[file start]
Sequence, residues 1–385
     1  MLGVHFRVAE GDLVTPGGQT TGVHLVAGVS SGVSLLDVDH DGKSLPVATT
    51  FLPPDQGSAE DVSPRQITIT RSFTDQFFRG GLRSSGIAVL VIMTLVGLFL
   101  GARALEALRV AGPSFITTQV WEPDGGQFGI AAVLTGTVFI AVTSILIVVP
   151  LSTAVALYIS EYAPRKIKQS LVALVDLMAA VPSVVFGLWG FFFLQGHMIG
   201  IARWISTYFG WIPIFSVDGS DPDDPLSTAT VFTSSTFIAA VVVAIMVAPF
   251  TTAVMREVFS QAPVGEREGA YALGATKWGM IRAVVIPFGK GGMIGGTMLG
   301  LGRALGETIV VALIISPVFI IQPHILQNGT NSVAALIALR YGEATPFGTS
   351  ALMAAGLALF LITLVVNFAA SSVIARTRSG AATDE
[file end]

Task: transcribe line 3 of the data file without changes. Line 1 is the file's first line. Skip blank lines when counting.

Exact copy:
    51  FLPPDQGSAE DVSPRQITIT RSFTDQFFRG GLRSSGIAVL VIMTLVGLFL